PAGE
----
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Former Gov. Tommy Thompson won the bruising Republican primary for U.S. Senate. And the general election race against Democrat Tammy Baldwin has featured plenty of punches from both sides.
Thompson was asked about negative advertising during an Oct. 5, 2012, appearance at a Milwaukee Press Club Newsmaker Luncheon. He expressed disappointment, and said the tone didn’t reflect his personality.
"I’m very sad about the negative ads," Thompson said. "I’m a positive guy. I’m optimistic."
He noted that when he successfully challenged Democrat Gov. Anthony Earl in 1986, the two "ran a fantastic election, we ran an election all over the state and that always was positive."
And then Thompson turned the blame on his opponent.
"Congresswoman Baldwin has had not one positive ad. Not one.... Not one positive ad. Why? Because she hasn’t done anything."
A few days after the statement, the Journal Sentinel’s Craig Gilbert wrote about
a report by Kantar Media CMAG, a D.C. firm that tracks political ads, that found in the 30 days that ended Oct. 2, 2012, 92% of the ads aired in the race were "negative."
What’s more, the report showed that in the weeks after the primary, between Aug. 19 and Sept. 17, 2012, Baldwin and her allies outspent Thompson and his allies almost 3-to-1 on broadcast television.
Complaining and finger-pointing about the tone of the race is nothing new in politics. But Thompson made a very specific claim about Baldwin, and suggested she is to blame for the negativity.
Is he on the money?
To be sure, the battle for the U.S. Senate seat was bitter long before the general election, but only on the Republican side. Thompson topped three opponents in the August primary, while Baldwin faced no opponent, though she has been on television since early summer.
That split nature of the race creates a bit of a problem when it comes to evaluating Thompson’s claim.
Was Thompson talking about the entirety of the campaign or was he referring to the head-to-head battle with Baldwin?
From the context of the specific question, about how negative ads had erased Thompson’s lead in the polls, it’s reasonable to believe Thompson was speaking about ads in the general election race. And he referred to the general election campaign that he waged against former Gov. Earl.
But that’s not what he said -- Thompson said all of Baldwin’s ads had been negative.
We asked his campaign to provide backup for his statement and was told they would get back to us but didn’t.
So, let’s start with the primary season.
That’s when Baldwin was able to play Rock-Paper-Engines. Those were the titles of her TV ads.
A June 17, 2012, ad, "Paper", discussed Baldwin’s efforts to sanction China for breaking trade rules and hurting the U.S. paper industry. The "Rock,"ad, which began running July 9, was biographical in nature. On July 30, 2012, "Engines"began, claiming Baldwin "led the fight" to force the Coast Guard to buy engines from American manufacturers.
None of those ads mentioned Thompson or the other Republican contenders.
That tone changed after the Aug. 14, 2012, primary, starting the following week with an ad called "Choice."
In it, Baldwin talks about three tax-cut votes of her own, and then turns her sights on Thompson, calling him "the guy who’s gotten rich working for D.C. lobbyists" and saying he "wants to give a $265,000 tax cut to millionaires like himself while raising taxes on the middle class."
She followed up a few days later with another ad criticizing Thompson for refusing to release his tax returns.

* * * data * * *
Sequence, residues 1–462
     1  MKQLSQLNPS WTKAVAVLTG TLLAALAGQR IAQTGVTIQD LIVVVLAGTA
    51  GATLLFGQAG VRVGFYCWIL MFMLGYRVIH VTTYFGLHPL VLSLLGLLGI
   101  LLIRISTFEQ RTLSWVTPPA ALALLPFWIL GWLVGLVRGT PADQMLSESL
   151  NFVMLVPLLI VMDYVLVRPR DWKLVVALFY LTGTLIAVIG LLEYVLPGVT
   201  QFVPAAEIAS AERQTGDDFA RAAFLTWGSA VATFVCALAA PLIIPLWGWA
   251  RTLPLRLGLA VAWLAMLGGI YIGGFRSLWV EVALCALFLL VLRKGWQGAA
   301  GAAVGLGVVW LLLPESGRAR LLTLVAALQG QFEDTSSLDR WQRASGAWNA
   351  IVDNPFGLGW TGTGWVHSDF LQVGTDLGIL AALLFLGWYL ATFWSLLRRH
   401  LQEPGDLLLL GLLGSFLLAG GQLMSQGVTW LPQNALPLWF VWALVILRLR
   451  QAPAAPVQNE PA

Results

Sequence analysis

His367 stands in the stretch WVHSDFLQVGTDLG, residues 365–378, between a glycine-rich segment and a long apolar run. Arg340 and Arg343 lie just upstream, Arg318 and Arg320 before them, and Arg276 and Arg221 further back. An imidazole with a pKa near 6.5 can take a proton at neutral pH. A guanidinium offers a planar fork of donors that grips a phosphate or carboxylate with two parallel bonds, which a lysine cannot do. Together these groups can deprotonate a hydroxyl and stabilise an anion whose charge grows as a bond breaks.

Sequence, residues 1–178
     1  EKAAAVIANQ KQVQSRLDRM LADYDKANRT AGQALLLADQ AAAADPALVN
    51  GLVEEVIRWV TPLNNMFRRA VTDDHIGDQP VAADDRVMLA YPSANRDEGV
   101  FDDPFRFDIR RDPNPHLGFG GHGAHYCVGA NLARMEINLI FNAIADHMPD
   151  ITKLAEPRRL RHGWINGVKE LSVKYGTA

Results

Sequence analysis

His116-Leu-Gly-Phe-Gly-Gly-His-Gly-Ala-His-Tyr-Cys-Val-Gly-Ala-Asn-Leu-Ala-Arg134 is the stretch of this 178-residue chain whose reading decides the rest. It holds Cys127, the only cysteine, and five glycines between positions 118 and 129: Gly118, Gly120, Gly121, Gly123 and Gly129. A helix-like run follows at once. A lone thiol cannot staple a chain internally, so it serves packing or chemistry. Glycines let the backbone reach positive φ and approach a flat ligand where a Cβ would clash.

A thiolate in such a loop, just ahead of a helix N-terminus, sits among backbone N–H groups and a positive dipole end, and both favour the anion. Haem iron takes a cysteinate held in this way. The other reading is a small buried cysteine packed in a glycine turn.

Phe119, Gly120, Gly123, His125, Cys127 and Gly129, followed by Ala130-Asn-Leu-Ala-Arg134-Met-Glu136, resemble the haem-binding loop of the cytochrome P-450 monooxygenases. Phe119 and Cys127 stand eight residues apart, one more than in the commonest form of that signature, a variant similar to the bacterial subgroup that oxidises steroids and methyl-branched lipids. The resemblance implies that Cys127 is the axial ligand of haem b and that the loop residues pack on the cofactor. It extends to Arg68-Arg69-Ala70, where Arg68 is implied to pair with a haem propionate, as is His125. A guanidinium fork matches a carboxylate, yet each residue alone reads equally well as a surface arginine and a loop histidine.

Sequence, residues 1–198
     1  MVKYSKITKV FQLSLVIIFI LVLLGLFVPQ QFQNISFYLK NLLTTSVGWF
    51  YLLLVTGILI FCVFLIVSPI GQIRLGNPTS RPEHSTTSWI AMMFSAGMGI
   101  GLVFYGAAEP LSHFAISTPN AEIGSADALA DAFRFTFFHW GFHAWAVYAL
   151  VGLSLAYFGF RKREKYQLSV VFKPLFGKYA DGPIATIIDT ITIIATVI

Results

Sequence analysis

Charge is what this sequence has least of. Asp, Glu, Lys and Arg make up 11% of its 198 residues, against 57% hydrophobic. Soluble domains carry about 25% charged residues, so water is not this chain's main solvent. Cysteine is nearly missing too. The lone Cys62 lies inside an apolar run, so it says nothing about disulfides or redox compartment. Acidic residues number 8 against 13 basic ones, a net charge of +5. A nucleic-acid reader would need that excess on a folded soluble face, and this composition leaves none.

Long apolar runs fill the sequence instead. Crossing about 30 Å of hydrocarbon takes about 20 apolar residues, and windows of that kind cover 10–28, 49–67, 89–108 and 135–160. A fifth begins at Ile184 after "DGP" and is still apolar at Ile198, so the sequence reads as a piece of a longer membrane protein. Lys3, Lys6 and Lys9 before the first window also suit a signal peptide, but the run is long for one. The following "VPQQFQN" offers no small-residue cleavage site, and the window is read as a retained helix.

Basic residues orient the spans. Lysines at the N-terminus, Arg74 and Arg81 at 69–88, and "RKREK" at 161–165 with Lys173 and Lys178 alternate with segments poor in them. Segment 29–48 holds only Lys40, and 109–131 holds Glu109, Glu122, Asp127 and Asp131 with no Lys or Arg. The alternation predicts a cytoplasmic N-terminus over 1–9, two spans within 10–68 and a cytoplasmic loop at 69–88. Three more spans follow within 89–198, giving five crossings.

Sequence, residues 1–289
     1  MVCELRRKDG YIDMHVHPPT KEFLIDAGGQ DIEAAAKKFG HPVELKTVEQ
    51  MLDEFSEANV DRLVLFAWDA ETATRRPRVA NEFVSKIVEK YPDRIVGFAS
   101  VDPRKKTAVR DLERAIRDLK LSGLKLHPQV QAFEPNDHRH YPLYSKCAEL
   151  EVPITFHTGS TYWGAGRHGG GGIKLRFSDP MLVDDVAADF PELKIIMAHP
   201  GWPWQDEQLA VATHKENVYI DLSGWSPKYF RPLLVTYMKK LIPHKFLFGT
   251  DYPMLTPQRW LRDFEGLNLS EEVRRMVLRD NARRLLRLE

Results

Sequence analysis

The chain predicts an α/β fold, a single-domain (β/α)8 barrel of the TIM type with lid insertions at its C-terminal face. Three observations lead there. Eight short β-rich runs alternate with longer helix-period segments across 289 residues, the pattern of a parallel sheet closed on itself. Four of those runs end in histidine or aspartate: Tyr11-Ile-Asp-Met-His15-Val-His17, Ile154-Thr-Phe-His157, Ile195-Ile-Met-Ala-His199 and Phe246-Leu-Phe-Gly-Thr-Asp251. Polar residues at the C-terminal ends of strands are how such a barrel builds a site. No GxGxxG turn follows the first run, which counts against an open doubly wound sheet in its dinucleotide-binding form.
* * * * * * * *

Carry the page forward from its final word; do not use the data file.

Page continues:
In an early September ad, Baldwin attacked Thompson’s record as secretary of the U.S. Department of Health and Human Services. The ad said Thompson "cut a sweetheart deal with drug companies making it illegal for them to negotiate lower prescription drug prices."
So, since the primary, the ads have been negative. The same can be said of Thompson’s ads.
Baldwin campaign spokesman John Kraus noted Thompson vowed numerous times that he would run a positive campaign. He argued Thompson was the first to go negative against Baldwin, even before the primary and cited a July ad, "Repeal"showing Thompson on a Harley.
In it, Thompson pledges to be the "51st vote" to repeal "Obamacare." Baldwin’s face appears briefly superimposed on the road, with the note she supports the federal health care law. (There is no question about that. She voted for it and has even suggested going further.)
As with the Baldwin side, the negative lines become much clearer after the primary.
In other ads, Thompson has said Baldwin supports a massive tax increase, describes her as "too extreme for Wisconsin," and says she’s more liberal than Nancy Pelosi and President Barack Obama.
Groups on both sides of the race have also ran negative ads, contributing to the all-negative sense about the race.
At the Press Club event, Thompson said Baldwin had not aired "one positive ad" in the campaign.
That is certainly true for the general election, and it’s reasonable to assume that’s what he was referring to. But a longer view of the campaign, extending before the primary, provides a very different picture.
We rate the claim Half True.
Baldwin campaign ad "Boy Did He, "Sept. 10, 2012
Baldwin campaign ad, "No", Aug. 23, 2012
Baldwin campaign ad, "Choice,"Aug. 17, 2012
Baldwin campaign ad, "Engines," July 30, 2012
Baldwin campaign ad, "Rock," July 9, 2012
Baldwin campaign ad, "Paper," June 21, 2012
Thompson campaign ad, "Lying," Oct. 8, 2012
Thompson campaign ad, "Repeal",July 2012
Emails, John Kraus, Baldwin campaign, Oct. 8, 9, 2012
Emails, Brian Nemoir, Thompson campaign, Oct. 5, 8, 2012
Tommy Thompson appearance, Milwaukee Press Club, Oct. 5, 2012
Milwaukee Journal Sentinel, "Negative attacks fill airwaves in Thompson-Baldwin race,"Oct. 9, 2012
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